Could it be mounted as another user? I'm assuming it is an external hard drive. I have a really small (in size) firelight external drive myself.
Do you want to read or read and write to the drive?
Enter "mount" in the terminal. Is this device listed?
If so, what filesystem is used, ntfs or ntfs-3g? I wouldn't try writing with ntfs. The ntfs-3g filesystem uses the "fuse" kernel module and operates in userspace. This makes development easier and it seams to be further along in development and easier to use. You may need to install a "fuse" package and an "ntfs-3g" package if they aren't installed.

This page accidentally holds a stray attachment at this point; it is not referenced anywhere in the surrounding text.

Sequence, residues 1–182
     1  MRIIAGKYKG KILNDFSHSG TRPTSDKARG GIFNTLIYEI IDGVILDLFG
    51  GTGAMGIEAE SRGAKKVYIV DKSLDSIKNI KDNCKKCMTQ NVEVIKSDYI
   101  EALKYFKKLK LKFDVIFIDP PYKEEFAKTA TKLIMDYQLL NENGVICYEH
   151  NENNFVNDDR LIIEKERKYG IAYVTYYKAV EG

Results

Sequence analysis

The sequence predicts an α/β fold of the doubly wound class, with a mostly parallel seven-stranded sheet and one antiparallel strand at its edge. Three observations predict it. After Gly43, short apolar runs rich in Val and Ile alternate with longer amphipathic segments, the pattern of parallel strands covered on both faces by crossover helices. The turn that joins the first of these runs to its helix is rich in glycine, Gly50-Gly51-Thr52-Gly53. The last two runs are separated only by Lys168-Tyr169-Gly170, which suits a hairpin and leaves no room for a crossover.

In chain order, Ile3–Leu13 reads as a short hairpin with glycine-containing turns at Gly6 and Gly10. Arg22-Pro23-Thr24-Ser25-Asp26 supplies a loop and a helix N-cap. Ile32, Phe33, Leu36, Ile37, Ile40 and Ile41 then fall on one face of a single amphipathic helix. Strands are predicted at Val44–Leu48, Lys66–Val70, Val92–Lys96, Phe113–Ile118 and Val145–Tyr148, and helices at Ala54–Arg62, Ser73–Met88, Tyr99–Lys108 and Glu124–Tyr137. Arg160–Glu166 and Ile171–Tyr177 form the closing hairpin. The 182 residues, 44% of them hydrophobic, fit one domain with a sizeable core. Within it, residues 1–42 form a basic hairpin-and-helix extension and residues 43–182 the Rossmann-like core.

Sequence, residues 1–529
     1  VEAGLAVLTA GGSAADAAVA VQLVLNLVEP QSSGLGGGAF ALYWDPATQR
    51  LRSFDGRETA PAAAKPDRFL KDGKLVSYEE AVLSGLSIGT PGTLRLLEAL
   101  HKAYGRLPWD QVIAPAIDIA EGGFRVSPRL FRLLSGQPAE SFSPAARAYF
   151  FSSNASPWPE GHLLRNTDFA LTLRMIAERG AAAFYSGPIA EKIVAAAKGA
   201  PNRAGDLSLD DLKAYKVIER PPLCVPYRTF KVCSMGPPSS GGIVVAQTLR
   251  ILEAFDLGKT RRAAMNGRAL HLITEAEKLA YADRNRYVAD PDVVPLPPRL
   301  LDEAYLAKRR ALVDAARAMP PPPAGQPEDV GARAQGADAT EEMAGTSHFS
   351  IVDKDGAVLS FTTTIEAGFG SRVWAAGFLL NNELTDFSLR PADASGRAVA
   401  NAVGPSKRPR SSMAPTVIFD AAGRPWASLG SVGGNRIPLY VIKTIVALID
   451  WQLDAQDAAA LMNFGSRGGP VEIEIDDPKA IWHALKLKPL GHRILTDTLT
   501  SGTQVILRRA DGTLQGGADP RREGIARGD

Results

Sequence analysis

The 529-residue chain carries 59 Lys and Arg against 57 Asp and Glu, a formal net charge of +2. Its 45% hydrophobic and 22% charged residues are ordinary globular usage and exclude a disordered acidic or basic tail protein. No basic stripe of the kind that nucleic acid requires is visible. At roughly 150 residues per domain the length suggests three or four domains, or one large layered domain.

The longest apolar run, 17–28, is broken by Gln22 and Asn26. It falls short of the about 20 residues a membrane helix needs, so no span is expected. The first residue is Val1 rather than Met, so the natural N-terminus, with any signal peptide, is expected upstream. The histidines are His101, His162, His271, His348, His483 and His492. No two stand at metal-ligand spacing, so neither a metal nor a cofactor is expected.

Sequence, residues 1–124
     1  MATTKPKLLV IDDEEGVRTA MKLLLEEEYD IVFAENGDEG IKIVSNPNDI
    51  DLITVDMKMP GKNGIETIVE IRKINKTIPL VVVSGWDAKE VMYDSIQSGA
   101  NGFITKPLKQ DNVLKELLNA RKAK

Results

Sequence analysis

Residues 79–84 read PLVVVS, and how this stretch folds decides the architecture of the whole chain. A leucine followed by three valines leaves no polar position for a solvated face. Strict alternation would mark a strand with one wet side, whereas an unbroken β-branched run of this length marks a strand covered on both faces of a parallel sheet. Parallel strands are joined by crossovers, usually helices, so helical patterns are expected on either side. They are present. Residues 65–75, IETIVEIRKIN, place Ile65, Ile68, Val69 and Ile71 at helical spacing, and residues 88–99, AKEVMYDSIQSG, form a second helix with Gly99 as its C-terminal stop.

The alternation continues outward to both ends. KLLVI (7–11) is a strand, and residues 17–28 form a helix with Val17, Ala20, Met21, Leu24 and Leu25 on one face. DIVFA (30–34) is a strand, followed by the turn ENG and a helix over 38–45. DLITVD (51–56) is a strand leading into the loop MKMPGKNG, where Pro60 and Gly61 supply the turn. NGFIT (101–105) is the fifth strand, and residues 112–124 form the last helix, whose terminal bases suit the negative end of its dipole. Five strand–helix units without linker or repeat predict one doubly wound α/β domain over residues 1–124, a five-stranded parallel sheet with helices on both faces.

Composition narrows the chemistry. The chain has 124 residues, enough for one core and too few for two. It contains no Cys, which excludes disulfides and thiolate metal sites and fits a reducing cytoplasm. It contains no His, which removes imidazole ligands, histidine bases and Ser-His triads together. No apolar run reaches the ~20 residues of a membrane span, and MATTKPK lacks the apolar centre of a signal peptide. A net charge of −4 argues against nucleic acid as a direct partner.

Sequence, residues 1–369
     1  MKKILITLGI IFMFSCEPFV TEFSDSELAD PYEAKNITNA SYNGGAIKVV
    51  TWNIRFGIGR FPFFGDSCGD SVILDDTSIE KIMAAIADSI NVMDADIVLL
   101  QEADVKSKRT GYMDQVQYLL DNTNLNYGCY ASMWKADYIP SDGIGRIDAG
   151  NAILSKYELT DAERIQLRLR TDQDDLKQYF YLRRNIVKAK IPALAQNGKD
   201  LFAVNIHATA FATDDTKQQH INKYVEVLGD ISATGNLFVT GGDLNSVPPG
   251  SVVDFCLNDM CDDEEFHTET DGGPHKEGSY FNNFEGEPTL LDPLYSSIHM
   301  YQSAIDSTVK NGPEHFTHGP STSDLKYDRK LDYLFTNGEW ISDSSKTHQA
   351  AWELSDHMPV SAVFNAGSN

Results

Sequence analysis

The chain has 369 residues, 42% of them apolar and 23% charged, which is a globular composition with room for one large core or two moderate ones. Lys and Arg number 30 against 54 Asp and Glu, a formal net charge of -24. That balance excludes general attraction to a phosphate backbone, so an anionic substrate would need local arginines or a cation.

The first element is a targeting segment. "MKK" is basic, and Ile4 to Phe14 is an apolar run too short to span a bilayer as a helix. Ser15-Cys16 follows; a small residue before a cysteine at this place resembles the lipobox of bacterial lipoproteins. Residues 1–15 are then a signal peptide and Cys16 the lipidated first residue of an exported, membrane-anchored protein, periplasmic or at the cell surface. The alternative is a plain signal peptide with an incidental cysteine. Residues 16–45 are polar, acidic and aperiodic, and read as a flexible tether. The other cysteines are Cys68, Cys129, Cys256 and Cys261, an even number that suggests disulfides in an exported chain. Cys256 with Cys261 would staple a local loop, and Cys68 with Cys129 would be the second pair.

If you enter "lsmod" and the "fuse" kernel module is listed, then it is installed. If it isn't listed but "sudo /sbin/modprobe fuse" works, then it is installed but just needed to be loaded.
Here is how my Windows partition is mounted: (the fstab entry)
/dev/sda1 /mnt/xp ntfs-3g rw,nosuid,nodev,uid=jschiwal,fmask=0177,dmask=0077,utf8 0 0
You would use your own username. For an external drive, also use the "noauto" option. Also use either "UUID=" or "LABEL="
instead of a device node in the first field. The next time you connect an external device it might be using a different device node.
udevinfo -q env -n /dev/sda1
The udevinfo command can be run as a normal user and supplies a lot of information on hardware devices. You could also look in /dev/ for the info (/dev/disk/by-label or /dev/disk/by-uuid):
ls /dev/disk/by-label/ -l
lrwxrwxrwx 1 root root 10 Feb 17 04:14 My\x20Book -> ../../sdd1
This assumes that your system uses HAL which I think it does.